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DOI: 10.4324/9780415249126-X011-1
Version: v1,  Published online: 1998
Retrieved June 21, 2024, from

Article Summary

‘Definite descriptions’ are noun phrases of the form ‘the’ + noun complex (for example, ‘the finest Greek poet’, ‘the cube of five’) or of the form possessive + noun complex (for example, ‘Sparta’s defeat of Athens’). As Russell realized, it is important to philosophy to be clear about the semantics of such expressions. In the sentence ‘Aeschylus fought at Marathon’, the function of the subject, ‘Aeschylus’, is to refer to something; it is a referential noun phrase (or ‘singular term’). By contrast, in the sentence ‘Every Athenian remembers Marathon’, the subject noun phrase, ‘every Athenian’, is not referential but quantificational. Definite descriptions appear at first sight to be referential. Frege treated them referentially, but Russell held that they should be treated quantificationally in accordance with his theory of descriptions, and argued that certain philosophical puzzles were thereby solved.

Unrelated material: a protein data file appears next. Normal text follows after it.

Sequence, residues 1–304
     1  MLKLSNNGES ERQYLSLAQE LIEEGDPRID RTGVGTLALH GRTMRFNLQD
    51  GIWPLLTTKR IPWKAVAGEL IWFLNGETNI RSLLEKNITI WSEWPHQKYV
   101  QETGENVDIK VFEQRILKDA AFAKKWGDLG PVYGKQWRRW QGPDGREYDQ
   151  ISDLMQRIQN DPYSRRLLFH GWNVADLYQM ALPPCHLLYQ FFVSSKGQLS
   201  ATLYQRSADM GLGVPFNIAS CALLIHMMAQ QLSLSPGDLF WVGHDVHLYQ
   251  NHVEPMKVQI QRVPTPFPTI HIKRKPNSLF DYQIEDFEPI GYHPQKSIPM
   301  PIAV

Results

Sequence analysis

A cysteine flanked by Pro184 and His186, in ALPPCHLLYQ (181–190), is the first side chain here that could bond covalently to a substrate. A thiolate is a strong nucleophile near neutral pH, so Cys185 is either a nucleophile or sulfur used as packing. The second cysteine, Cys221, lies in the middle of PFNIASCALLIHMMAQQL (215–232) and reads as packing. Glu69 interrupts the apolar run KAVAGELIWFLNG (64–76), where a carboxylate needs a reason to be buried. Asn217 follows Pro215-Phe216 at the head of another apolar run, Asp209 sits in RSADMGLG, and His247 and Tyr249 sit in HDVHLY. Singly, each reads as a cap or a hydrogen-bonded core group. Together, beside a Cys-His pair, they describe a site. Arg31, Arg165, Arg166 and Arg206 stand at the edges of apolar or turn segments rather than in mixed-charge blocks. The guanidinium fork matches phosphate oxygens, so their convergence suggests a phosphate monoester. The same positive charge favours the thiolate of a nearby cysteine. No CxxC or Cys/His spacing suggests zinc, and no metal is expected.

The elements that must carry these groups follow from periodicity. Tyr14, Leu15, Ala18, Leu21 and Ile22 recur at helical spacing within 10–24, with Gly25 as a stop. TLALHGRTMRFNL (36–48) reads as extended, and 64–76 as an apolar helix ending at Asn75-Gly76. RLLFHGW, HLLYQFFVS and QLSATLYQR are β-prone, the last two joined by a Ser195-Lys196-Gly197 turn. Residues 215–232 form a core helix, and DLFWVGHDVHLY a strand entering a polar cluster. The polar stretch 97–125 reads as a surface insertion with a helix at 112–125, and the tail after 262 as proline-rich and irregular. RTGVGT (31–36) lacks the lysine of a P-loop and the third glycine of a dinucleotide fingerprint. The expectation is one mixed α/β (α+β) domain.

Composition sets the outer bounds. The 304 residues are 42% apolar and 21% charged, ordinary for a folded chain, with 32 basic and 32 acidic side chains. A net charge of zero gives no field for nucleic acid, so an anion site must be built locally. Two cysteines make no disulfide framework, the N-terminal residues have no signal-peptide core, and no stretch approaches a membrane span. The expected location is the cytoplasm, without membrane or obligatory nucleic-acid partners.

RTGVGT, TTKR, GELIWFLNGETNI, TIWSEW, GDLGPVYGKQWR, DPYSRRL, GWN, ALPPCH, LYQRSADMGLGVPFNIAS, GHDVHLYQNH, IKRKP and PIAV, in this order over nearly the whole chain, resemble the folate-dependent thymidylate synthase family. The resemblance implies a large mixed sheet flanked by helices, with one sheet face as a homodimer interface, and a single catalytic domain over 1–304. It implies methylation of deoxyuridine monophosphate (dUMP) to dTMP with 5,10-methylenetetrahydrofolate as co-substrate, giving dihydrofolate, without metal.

Citing this article:
Neale, Stephen. Descriptions, 1998, doi:10.4324/9780415249126-X011-1. Routledge Encyclopedia of Philosophy, Taylor and Francis,
Copyright © 1998-2024 Routledge.

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